And there’s also arguments that it’s literally cheaper to just hand out free apartments to the homeless than the homeless currently cost us in social services as-is. I think Finland(?) literally just ended homelessness with that method. So my compatriot lefty anarcho-catgirls just extend that logic further and say, why not give people a UBI of at least (dang what’s the poverty threshold?) 15,000 a year, which might be more effective and possibly sustainable than patchwork social programs. It’s a lot of the same logic as M4A. (Granted, when my peeps talk about UBI they usually have an income of about 75,000/year in mind, which is based on studies about the point at which increasing income stops contributing to stats on well-being.)

        • Travis Perry says:

          First, Finland and the Scandinavian nations rarely offer a good model for work for the United States. Why? They have a culturally ingrained belief that it is shameful not to work and they will shame people, culturally speaking, who do not work who can. Is the USA like that? Barely.

          In the USA, work has been linked to reward. Blame the Puritans if it makes you feel better, but the real issue is individualism. The USA is much more individualistic than Northern Europeans or the Japanese (or lots of other people). Other societies have norms built into the culture, but our fellow citizens tend to be, “I don’t care what you morons think, I’m gonna do what I want!” (Remember, this is the land of Jerry Springer.)

          Such an attitude actually benefits us in some ways. A lot of very creative ideas come from the United States–and I think that’s tied to our individualism (yeah, plenty of shame-based cultures have brilliant ideas too, such as the Japanese, but the overall cultural output of the USA outweighs Japan by a long shot). But a consequence of individualism is we must individually work to receive benefits as individuals, because otherwise, far too many people will collect the check and sit around and watch TV. (Our nation is much more shameless than most other places.)

          As for the 40 hour work week being obsolete, I don’t agree. Only 8 hours a day, 5 days a week. That’s barely working at all. I think 10 hours a day, 6 days a week is more what people can realistically do without getting too stressed out. Plus, the 40 hour work week hurts the working poor, because they’d gladly work 60 hours, but the boss won’t pay overtime. So they go get a second job and work 30 hours per week at one and 30 hours per week at the other, working harder with two jobs because neither gives healthcare and the poor sap has to juggle schedules not designed to be compatible. There are lots of people like that, killing themselves with overwork–and they should be at the top of the list of people our society helps get better paying jobs. But we don’t even think along those lines–neither right nor left.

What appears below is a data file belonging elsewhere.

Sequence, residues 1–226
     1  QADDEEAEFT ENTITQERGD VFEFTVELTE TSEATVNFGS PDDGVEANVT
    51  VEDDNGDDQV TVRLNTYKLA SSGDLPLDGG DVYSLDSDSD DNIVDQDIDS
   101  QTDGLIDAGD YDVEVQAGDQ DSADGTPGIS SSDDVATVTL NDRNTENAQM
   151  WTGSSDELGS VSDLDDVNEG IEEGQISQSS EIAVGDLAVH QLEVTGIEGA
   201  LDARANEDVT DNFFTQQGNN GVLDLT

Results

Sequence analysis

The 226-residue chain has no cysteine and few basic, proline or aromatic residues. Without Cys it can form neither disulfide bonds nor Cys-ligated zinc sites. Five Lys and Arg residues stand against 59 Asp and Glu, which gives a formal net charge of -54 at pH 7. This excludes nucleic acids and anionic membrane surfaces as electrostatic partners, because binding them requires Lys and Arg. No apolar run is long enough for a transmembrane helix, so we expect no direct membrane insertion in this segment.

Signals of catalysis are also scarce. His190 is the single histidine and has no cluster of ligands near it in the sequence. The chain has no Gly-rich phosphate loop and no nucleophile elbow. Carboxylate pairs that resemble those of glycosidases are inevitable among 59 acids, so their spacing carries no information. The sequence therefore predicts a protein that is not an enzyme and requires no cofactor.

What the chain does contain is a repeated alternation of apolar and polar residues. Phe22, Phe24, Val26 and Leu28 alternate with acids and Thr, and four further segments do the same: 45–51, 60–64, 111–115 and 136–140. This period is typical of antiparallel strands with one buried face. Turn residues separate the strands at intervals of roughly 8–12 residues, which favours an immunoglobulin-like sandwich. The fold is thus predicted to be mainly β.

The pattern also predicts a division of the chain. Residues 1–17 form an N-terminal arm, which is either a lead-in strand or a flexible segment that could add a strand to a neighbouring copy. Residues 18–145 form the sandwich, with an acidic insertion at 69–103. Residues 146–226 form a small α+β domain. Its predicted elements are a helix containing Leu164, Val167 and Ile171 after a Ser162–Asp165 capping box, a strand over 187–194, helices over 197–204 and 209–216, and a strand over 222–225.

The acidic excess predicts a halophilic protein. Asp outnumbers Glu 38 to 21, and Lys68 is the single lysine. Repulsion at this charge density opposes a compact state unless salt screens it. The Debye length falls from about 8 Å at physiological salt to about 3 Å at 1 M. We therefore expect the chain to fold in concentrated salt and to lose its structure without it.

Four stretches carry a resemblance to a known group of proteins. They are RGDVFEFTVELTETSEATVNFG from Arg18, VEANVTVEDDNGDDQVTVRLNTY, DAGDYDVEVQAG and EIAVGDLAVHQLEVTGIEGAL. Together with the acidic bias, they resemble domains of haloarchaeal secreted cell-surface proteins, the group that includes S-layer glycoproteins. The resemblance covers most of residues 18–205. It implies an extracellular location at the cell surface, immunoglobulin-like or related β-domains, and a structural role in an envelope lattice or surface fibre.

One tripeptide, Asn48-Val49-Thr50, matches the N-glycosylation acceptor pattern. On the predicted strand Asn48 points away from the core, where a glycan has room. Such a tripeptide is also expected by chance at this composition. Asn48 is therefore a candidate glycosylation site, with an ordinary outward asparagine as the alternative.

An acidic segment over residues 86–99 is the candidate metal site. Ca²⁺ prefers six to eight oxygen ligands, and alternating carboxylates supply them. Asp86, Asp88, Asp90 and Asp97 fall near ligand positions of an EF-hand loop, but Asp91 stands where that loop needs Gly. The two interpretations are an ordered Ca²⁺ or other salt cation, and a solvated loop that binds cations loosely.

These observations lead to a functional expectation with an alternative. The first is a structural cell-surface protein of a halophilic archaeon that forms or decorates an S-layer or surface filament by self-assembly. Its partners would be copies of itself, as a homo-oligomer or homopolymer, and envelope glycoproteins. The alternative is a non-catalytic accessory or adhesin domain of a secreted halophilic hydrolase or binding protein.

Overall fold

By the way, as soon as Graeber or people like him start talking about work being the way it is because people in power wanting to maintain power blah blah blah I know he has no idea what he’s talking about because I’m not in power and never have been very significantly, but I know what is a smart idea and what isn’t. Giveaways are not smart in general (with certain exceptions). Really not anywhere in absolute terms, but especially not in the USA.

          Especially in regard to racial reparations–I’ve heard some self-appointed genius on NPR say the reparation for slavery ought to be cash payments with the intent of making black wages equal white wages. Pfft! That would have the effect of making the majority of black Americans forever dependent on the government and never able to get out of poverty on their own. Compare with payments to enrolled American Indians.

          The best anti-poverty program the United States has ever had is the US military, even though that was not the intent of the military. But, to bring in enough people into the service the post-draft era, the military recruits a lot of folks below the poverty line. The military offers home loans, health benefits, education benefits, teaches physical fitness, in exchange for hard work, taking personal risk, and being responsible for yourself an others. Practically everyone who enrolls in military service for 20 years leaves poverty behind permanently–and not just for themselves, for their children as well. And even some with shorter enlistments tend to leave poverty behind.

          All anti-poverty programs in the USA should be along the same lines–thinking how to get people to work, to value education, to produce something valuable, in exchange for home ownership and healthcare and education benefits.

          Such programs may indeed cost more in the short term and would have difficulties with certain particular individuals with various kinds of disabilities. But it would make our entire society more productive in the end–which would in the end put more wealth in the government coffers.

          • notleia says:

            Uhhh, I wouldn’t really call the poverty draft a good thing. Do you watch Starship Troopers as played straight or as being satirical?

            Most people like having something meaningful to do with their time. But there are questions we ought to ask about what work our culture rewards.

            Just go read the Bullshit Jobs book. I guarantee it is less squishy than you’re imagining it. Go hit up the library.

            • Travis Perry says:

              The movie Starship Troopers was satirical. The book was not. However, while Heinlein has a few ideas I actually like, his enthusiasm for war was so over the top in Starship Troopers that Paul Verhoeven wasn’t all that much off in his satirical film version.